Last Friday, the Obama administration issued a directive to school districts across the country mandating that transgender students be allowed to use the bathroom that corresponds with their gender identity. The LGBTQ community and its allies lauded the issuance of the new guidelines as a move in the right direction. Opponents fired back, with the lieutenant governor of Texas ordering the state’s schools to ignore the mandate. At the end of the day, the most important obligation of schools is the safety of their students, which makes this decision the right one for schools and children.
The law on this issue is clear. Under Title IV of the Civil Rights Act of 1964, discrimination based on a student’s gender is prohibited. Furthermore, Title IX of the Education Amendment of 1972 bars schools receiving public funding from discriminating on the basis of sex. The U.S. Department of Education issued a letter asserting that, “Under Title IX, discrimination based on a person’s gender identity, a person’s transgender status, or a person’s nonconformity to sex stereotypes constitutes discrimination based on sex.” (US DOE OCR, 2014). While the president’s edict doesn’t have the force of the law, it comes with the implied threat that noncompliant schools will lose their federal funding
The directive also allows schools to meet their academic goals. Just above physiological needs on Maslow’s Hierarchy are needs for safety, followed by love and belonging. Students who do not feel safe and accepted at school (and how can a child feel safe and accepted when told that the way they are is wrong and when made to use facilities in which they feel targeted and unsafe?) do not attend school. And when students don’t come to school, they don’t learn. We also know that school climate has a huge impact on achievement. Students at inclusive schools are more highly motivated, engaged in learning, and committed to school (Karin Osterman, 2000, Review of Education Research).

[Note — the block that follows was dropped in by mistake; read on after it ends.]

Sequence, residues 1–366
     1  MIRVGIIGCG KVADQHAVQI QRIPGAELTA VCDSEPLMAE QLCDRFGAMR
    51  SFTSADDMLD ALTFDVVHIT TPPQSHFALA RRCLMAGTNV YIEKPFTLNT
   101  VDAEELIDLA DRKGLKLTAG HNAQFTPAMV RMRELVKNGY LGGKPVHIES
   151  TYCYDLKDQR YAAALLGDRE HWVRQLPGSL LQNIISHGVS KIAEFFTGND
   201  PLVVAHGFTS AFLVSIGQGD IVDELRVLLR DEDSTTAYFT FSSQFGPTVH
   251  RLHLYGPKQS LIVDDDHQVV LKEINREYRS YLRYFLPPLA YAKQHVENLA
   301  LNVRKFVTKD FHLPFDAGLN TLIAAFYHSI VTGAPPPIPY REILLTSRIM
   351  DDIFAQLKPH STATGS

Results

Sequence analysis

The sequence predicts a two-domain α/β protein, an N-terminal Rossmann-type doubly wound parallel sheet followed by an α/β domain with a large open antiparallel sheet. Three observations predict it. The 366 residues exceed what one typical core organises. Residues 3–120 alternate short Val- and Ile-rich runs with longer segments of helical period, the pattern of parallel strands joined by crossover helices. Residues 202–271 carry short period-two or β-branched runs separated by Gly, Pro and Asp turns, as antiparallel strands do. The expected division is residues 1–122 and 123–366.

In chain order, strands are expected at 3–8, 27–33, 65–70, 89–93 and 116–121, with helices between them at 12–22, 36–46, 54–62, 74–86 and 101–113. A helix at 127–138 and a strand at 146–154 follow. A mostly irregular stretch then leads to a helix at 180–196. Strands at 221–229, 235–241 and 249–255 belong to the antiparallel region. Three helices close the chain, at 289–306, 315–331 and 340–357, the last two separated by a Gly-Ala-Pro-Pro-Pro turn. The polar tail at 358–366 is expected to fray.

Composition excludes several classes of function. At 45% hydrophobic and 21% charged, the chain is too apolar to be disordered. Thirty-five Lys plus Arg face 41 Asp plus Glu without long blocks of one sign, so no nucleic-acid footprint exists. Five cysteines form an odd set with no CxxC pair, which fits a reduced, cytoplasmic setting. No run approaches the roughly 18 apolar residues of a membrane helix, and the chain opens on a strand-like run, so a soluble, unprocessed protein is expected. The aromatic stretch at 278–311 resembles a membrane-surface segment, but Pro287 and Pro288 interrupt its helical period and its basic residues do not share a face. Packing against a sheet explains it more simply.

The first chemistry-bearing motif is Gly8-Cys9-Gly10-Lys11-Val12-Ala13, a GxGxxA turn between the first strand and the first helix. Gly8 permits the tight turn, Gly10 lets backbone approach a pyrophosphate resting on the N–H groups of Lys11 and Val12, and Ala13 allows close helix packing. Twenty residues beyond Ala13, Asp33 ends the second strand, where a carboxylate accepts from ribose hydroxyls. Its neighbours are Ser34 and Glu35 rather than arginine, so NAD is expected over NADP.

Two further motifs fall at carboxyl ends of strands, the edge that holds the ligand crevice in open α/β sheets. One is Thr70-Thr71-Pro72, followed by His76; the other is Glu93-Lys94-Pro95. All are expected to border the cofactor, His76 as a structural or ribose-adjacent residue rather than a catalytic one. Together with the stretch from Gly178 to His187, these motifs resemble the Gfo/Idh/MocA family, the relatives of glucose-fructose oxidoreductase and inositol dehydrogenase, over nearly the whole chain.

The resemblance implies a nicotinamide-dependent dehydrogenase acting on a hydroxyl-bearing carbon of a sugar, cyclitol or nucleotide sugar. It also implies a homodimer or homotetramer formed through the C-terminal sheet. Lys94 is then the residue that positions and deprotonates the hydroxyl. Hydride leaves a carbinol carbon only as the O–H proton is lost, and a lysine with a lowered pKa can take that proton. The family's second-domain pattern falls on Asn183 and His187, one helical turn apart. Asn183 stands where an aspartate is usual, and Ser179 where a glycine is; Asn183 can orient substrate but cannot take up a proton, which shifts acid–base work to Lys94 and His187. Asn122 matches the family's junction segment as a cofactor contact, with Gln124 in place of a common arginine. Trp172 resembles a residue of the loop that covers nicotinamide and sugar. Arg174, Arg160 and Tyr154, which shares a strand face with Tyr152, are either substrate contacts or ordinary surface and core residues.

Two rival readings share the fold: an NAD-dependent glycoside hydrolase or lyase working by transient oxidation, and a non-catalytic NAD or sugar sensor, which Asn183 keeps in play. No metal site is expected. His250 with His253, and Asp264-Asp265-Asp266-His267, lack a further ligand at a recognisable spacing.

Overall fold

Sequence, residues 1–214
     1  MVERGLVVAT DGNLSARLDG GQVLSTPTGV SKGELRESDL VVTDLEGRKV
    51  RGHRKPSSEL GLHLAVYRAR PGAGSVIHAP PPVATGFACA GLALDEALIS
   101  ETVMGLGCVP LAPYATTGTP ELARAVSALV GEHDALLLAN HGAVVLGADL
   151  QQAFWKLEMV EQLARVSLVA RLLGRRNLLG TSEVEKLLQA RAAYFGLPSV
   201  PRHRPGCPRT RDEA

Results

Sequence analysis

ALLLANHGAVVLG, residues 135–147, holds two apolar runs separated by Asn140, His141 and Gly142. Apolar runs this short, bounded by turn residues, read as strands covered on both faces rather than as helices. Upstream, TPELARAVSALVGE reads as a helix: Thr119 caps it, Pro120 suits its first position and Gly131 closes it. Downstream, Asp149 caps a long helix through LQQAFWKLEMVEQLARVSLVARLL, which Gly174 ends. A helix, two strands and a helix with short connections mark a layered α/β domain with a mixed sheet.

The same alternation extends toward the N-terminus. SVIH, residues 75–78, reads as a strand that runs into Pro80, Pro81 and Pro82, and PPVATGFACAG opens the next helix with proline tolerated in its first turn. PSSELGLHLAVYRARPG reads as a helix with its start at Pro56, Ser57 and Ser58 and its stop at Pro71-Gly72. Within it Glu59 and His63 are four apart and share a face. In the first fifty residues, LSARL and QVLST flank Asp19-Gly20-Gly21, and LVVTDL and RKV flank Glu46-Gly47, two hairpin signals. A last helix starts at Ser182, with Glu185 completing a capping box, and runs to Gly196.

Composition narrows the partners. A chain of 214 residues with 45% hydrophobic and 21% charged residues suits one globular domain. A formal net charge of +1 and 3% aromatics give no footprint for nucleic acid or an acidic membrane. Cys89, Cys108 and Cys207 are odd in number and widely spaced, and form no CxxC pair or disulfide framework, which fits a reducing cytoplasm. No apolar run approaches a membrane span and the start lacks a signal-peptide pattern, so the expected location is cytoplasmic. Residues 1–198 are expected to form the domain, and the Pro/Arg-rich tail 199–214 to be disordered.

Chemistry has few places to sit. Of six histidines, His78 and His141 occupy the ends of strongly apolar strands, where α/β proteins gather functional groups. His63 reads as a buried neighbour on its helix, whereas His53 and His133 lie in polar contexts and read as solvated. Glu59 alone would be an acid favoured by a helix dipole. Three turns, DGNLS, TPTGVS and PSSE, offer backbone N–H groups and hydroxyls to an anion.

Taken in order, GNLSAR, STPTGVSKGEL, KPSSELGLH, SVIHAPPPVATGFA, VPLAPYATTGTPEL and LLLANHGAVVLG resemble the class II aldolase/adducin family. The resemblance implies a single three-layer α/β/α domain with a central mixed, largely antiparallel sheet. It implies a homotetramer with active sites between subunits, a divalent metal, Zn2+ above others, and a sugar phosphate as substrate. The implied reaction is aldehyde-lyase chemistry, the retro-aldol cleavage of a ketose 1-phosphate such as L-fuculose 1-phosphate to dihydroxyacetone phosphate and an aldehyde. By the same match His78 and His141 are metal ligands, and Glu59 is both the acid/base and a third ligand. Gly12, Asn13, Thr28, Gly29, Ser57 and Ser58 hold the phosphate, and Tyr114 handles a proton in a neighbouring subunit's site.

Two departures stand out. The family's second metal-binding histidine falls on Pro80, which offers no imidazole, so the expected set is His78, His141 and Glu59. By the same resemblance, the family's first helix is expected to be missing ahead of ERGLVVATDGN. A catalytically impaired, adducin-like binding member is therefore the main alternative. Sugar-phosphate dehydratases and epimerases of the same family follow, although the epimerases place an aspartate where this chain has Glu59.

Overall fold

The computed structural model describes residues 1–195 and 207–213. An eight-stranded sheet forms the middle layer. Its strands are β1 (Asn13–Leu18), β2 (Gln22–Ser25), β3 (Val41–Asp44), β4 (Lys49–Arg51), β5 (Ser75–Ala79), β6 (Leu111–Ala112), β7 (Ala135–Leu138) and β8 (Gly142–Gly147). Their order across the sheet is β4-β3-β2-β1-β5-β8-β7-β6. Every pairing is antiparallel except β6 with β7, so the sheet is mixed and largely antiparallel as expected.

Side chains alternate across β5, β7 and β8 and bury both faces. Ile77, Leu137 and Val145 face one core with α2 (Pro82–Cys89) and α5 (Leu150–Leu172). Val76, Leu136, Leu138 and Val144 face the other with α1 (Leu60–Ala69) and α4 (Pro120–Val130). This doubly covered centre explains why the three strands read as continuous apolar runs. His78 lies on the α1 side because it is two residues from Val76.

But let’s get to the heart of this. Most teachers I know aren’t in the profession for the money or the test scores. They chose education because they love children. The precious children in our classrooms deserve our love and acceptance. Allowing them to use the facilities that match who they are inside is part of that. By doing this, we are protecting vulnerable young people from harassment, bullying, and physical violence. According to the 2013 GLSEN National School Climate Survey, gender-expansive youth who don’t experience acceptance face long-term negative effects on their mental health and life satisfaction. They are at risk for depression, anxiety, substance abuse, and suicide. This is about lives, people.
So what does “change” look like for teachers in schools across America? It’s not that difficult, but let me be clear. It does not mean requiring a transgender student to use a separate gender-neutral facility (unless that is the child’s choice). When you have a transgender student, you listen and take your cues from the child. How does the child identify? What bathroom does the child want to use? Is the answer the same in all situations? You may need to let the child try out different options to figure out what feels right to them. Maybe you need to send an ally kid with them during the transition. A flexible, child-centered approach is the right one.
So take a deep breath. You have the law on your side. You are making an academically sound decision. But most important, you are protecting the little ones in your care. And that’s the right thing to do.